Hoe Yean’s unstoppable in the pool as he breaks national record again

Impressive feat: Khiew Hoe Yean clocked 8:06.00 in the men’s 800m freestyle event of the Malaysian Open at the National Aquatic Centre in Bukil Jalil.

PETALING JAYA: Teen sensation Khiew Hoe Yean is simply unstoppable as he capped off a superb week at the Malaysian Open swimming championships with another national record.

And he did it in style as the record fell in his first attempt in the men’s 800m freestyle.

Despite swimming alone, the 18-year-old managed to clock 8:06.00 at the National Aquatic Centre in Bukil Jalil yesterday to erase Welson Sim’s previous mark of 8:08.77 in 2019.

Hoe Yean’s effort made the Olympic Selection Time (OST) of 8:08.54.

On Saturday, Hoe Yean broke the 23-year-old record held by Lim Keng Liat in the 200m backstroke.

With barely an hour of rest, Hoe Yean returned to the pool and outpaced Welson in the 200m freestyle when he touched the wall in a brilliant 1:49.38, way ahead of second-placed Welson who managed 1:50.64 – a far cry from his own national mark of 1:47.36 in 2017.

Hoe Yean did better than his previous personal best of 1:51.26 and it earned him another OST as his effort was well under the 1:50.23 qualifying mark. Hoe Yean was delighted with his performance after netting four personal bests on his first return to competition since the National Age-Group Championships in March last year.

“It feels great. It’s my first time swimming the 800m free but my target was to break the record. I was however surprised but satisfied with my 200m free,” said Hoe Yean.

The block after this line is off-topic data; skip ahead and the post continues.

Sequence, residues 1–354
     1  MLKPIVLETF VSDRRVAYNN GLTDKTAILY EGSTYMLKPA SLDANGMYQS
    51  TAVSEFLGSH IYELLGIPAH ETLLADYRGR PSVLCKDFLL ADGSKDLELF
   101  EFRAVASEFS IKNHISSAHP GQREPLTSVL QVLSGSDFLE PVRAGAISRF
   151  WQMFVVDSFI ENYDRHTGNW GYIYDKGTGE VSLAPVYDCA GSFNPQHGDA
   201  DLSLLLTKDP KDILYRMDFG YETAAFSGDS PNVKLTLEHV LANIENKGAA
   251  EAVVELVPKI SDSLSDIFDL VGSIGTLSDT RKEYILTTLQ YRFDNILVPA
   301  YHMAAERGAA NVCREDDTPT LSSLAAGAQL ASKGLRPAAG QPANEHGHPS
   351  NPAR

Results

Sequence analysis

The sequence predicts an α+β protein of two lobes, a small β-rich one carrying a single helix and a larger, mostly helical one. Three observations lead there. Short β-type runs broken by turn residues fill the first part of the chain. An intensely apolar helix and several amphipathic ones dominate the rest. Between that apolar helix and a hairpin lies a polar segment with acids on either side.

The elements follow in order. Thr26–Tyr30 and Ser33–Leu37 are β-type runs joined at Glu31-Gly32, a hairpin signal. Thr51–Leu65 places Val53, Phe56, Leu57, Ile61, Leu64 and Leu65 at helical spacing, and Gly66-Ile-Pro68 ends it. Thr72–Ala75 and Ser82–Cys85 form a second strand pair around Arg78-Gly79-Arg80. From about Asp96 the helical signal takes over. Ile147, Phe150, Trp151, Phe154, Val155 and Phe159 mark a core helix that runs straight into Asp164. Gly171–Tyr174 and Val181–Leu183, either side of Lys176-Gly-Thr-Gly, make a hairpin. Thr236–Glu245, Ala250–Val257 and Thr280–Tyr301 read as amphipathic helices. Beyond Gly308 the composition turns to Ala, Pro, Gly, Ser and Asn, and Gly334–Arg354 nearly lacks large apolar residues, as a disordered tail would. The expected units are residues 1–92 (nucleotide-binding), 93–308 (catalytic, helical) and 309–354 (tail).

“Every single competition is real even though there’s no spectators or competitors. I will always take every meet seriously.

“I’m very pleased because I showed improvement each day and ended the meet with four personal bests. I will build on it!”

Hoe Yean has just given Malaysia Swimming (MS) a good reason to pick him instead of Welson for the Olympics.

Currently, Welson and Phee Jinq En are the only Malaysian swimmers who have made the OST list based on their results at the 2019 Sea Games in the Philippines but the national body intend to use the universality places allocation, where they can recommend one male and female.

Asked if he harbours hope of securing his Olympics debut, said Hoe Yean: “ I don’t know about it but I believe I have done my best by swimming as fast as I can. The rest is beyond my control.”

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